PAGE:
On January 21, 1897, nine dentists met in Dr. Peter Brown’s office on Beaver Hall Hill. They looked to the future and saw the need for an organization that would provide means for the English speaking dentists of Montreal to meet, discuss and study problems pertaining to their profession, but also to provide means whereby other worthy subjects could be studied and discussed. The names of the original nine members of this group were as follows: Dr. J.G. Gardner, Dr. Peter Brown, Dr. W.J. Kerr, Dr. J. Gentles, Dr. C.F. Morrison, Dr. J.M. Shaw, Dr. T.D. Tansey, Dr. .H. Oliver and Dr. R.L. Watson. It was decided that this new organization would be called the Montreal Dental Club.
[An excerpt from “The Montreal Dental Club, a historical sketch from 1897 to 1947” by J.S. Dohan, DDS, FACD]
Over the next hundred years and beyond, the Montreal Dental Club grew into an organization of 250 members. As the oldest continuous dental society in Canada, it was at the forefront of education, innovation, and philanthropy throughout it’s history. Seeing a need to expand dental continuing education beyond it’s membership, the Club started the Annual Fall Clinic in 1925, the predecessor to today’s JDQ. It was the first dental society to address the welfare of its members, creating in 1926 a dental liability insurance plan, in 1944 a group illness insurance plan, and in 1951 a group automobile insurance plan.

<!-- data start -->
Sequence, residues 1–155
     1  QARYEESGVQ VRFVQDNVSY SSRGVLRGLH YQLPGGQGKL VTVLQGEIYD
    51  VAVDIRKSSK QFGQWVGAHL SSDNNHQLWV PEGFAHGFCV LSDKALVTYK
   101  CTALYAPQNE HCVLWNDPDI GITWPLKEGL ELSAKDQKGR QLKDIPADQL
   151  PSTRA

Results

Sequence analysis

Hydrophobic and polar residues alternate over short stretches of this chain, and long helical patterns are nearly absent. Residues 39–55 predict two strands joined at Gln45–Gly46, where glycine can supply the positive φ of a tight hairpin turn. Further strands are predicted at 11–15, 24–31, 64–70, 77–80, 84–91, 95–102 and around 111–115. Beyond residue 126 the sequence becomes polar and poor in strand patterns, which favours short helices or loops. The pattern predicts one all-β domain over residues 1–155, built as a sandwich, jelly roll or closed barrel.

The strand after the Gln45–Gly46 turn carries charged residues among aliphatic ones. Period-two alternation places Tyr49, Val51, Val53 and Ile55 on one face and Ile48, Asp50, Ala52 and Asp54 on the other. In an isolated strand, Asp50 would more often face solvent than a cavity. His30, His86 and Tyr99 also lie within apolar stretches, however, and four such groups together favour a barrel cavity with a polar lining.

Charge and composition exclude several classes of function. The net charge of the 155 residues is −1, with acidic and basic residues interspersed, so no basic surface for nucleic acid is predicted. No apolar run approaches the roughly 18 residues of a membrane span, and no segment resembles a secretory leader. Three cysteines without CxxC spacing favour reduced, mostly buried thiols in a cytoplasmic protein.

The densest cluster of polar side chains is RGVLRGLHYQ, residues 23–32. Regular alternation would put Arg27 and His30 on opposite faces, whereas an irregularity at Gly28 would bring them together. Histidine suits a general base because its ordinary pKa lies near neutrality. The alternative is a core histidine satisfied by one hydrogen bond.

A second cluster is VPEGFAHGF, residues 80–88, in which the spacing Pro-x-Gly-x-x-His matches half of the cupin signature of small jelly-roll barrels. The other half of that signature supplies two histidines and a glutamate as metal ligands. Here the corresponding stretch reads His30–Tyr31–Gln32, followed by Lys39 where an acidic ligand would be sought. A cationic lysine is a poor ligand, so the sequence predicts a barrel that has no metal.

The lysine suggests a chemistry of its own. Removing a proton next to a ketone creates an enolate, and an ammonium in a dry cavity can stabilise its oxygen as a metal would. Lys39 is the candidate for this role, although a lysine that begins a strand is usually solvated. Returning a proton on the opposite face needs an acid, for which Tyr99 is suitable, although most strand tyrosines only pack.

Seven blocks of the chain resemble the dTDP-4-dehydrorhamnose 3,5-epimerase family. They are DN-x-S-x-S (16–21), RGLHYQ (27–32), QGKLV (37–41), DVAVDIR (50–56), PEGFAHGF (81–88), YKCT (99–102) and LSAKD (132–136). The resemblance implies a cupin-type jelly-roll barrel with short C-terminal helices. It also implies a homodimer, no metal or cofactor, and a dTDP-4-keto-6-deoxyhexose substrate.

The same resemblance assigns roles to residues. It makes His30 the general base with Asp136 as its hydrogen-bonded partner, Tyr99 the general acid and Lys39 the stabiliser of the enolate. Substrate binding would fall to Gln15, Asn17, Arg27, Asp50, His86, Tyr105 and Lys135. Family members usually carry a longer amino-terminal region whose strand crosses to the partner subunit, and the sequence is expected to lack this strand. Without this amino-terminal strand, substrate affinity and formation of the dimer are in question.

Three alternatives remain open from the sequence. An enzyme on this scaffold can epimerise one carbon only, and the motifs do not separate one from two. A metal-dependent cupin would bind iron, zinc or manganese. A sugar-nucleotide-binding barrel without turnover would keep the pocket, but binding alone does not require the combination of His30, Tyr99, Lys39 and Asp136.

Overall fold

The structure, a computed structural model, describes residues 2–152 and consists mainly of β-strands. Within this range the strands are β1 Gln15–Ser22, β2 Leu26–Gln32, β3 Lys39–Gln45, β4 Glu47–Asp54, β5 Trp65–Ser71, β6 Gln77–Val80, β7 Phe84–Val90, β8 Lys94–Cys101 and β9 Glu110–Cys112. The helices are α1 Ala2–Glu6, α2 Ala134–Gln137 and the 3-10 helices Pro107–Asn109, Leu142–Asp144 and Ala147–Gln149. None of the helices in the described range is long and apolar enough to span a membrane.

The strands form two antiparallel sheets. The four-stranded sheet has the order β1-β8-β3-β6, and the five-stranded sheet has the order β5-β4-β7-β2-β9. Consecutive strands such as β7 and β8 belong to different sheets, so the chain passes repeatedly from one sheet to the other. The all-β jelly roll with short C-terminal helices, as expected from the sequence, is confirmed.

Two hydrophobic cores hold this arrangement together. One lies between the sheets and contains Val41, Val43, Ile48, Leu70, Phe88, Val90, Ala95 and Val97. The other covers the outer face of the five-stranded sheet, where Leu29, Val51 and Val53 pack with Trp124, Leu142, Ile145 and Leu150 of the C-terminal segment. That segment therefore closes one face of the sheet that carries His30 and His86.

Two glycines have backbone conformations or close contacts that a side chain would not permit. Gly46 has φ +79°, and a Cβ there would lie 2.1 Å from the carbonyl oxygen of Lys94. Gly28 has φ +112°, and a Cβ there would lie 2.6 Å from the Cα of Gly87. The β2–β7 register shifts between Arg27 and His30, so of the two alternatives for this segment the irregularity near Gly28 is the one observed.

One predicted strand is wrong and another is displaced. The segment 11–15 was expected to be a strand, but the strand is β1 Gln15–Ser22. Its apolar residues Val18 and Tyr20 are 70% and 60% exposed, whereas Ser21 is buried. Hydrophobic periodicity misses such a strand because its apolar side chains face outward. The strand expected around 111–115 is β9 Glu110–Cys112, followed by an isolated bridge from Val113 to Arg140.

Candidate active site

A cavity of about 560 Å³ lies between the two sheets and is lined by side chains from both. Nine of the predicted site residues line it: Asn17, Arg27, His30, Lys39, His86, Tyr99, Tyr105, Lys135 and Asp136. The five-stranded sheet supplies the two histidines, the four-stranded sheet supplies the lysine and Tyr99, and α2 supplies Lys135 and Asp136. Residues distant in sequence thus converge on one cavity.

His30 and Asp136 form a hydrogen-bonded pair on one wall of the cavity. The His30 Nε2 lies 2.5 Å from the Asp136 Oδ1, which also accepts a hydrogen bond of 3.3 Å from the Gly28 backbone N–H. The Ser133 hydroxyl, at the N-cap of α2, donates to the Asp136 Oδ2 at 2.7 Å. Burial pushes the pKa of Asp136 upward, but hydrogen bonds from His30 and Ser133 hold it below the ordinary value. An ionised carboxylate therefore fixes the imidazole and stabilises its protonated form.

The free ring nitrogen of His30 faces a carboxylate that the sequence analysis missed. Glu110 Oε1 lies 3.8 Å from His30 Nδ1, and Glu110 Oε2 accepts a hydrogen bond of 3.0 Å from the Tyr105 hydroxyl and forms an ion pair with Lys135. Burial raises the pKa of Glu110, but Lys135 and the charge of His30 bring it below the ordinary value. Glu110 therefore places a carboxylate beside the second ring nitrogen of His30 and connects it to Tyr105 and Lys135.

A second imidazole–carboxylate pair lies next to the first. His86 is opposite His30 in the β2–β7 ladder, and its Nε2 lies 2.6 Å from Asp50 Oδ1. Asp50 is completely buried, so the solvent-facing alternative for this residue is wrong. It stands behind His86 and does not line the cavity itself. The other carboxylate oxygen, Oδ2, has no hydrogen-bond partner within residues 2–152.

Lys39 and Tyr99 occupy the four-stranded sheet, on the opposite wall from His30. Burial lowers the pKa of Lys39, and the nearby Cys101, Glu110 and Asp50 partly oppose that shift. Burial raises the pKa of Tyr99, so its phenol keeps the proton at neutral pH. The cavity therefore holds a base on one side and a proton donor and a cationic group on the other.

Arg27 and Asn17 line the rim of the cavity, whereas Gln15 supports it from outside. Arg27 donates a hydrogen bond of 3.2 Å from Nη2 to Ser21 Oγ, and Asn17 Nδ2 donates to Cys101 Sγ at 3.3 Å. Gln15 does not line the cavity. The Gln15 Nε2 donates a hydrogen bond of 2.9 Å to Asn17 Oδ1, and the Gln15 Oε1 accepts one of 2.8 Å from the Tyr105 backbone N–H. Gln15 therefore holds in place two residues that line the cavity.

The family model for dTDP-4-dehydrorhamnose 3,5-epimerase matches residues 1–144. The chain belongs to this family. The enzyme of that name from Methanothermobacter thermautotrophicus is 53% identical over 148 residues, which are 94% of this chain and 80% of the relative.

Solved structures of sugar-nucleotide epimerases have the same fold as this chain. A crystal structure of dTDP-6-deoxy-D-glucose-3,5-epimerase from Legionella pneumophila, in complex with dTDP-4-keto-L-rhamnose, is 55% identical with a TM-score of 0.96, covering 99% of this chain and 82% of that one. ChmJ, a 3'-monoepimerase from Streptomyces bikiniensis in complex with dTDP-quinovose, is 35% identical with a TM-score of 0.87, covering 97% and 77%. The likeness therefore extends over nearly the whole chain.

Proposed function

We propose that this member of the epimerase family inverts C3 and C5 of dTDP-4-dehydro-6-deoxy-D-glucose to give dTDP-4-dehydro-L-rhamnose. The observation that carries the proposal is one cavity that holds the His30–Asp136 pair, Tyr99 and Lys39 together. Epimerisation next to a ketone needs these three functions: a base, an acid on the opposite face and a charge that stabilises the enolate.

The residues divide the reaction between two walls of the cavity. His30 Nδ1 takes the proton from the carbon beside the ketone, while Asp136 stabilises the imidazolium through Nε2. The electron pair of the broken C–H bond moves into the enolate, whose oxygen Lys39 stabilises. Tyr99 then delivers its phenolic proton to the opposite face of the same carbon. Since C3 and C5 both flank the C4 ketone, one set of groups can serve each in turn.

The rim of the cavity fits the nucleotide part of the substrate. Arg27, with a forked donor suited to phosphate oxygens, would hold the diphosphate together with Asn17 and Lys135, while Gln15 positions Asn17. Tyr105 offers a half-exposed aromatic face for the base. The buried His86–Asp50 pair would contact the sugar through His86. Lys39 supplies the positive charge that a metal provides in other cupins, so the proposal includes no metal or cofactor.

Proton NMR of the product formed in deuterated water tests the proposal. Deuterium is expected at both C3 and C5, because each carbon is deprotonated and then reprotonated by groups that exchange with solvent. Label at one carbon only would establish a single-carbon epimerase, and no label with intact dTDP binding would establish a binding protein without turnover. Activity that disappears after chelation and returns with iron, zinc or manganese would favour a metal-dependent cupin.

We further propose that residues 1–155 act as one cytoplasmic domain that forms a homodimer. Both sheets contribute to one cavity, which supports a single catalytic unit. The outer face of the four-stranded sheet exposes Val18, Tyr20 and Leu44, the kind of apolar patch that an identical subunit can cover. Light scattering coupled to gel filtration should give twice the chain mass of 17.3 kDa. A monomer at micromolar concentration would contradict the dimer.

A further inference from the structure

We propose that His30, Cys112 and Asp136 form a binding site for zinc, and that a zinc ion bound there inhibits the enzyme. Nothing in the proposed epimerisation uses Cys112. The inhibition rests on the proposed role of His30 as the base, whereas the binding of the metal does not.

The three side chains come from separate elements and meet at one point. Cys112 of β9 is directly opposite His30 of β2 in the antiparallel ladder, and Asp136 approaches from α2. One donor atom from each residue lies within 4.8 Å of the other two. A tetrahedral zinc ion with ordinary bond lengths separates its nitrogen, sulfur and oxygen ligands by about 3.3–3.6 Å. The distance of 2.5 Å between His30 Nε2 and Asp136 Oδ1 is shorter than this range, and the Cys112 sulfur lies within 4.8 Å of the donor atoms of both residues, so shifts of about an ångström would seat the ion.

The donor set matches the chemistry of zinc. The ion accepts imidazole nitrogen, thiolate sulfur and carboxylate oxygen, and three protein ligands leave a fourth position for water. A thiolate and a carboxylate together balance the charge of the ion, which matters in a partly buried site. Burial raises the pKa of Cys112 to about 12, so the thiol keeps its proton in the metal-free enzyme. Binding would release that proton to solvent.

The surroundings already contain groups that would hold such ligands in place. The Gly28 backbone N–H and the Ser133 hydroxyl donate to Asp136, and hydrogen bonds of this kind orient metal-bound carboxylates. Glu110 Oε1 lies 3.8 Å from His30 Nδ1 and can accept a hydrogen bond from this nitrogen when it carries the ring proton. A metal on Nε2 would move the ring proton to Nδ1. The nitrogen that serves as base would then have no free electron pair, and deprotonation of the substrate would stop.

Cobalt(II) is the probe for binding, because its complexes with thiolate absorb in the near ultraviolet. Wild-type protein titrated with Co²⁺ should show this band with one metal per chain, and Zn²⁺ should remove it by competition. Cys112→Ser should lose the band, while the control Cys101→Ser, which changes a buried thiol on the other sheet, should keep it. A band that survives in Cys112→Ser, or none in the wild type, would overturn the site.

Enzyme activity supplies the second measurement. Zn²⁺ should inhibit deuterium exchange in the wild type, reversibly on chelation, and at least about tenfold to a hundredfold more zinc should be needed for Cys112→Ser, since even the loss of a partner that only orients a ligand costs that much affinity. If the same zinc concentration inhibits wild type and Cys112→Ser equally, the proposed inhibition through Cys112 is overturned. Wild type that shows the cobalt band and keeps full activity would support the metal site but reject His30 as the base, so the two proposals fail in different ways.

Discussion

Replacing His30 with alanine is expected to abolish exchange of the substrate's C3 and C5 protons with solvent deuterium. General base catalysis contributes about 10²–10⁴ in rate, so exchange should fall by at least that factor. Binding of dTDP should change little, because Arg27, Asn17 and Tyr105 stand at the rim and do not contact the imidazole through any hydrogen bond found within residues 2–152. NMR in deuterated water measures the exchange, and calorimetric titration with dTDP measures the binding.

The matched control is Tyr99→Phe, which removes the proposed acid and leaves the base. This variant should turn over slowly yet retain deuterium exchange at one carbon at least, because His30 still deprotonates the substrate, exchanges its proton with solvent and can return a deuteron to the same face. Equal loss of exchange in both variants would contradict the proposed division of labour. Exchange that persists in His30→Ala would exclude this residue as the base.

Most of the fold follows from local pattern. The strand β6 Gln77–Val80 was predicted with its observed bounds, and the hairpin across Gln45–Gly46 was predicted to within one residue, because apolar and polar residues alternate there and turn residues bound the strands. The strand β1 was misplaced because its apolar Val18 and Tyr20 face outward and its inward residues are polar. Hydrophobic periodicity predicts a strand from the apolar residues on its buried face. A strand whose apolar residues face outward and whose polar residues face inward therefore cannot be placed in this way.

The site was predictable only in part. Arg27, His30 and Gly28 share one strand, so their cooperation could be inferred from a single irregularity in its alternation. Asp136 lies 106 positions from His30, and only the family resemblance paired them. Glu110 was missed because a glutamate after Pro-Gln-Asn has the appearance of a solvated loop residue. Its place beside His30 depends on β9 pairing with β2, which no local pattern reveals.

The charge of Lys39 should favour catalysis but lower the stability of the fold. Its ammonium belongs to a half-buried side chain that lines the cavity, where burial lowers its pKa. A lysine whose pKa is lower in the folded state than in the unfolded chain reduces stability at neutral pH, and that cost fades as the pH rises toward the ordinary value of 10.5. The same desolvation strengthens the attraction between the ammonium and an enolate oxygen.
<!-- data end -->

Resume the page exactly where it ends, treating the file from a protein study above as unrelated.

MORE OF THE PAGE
As a long time supporter of the Faculty of Dentistry at McGill University, the Club has sponsored numerous awards, scholarships and prizes over the years to the benefit of the dental students. This tradition continues to this day, with the Club providing a prize for the best table clinic at McGill’s annual Research Day.
The social conscience of the club extended well beyond the needs of its members and the dental community. In its early years, the Club provided free dental services to a number of benevolent societies around Montreal. In conjunction with the Junior Red Cross, school children in underprivileged areas of town were given care at minimal cost. And during World War II, British children brought to Canada for safety received complimentary care from Club members.
Beyond individual efforts, there was also a mandate for improving society at large. The Club was the leading proponent behind fluoridation of Montreal’s water supply. As early as 1949, the Club was behind efforts to promote this public health initiative. More recently, a large donation was made to the Jim Lund Clinic at the Welcome Hall Mission, which helps provide affordable care to lower income citizens.
Today, over 115 years after it’s inception as an organization, the Montreal Dental Club continues to fulfill its expanded mission to serve the needs of the dentists of the greater Montreal area.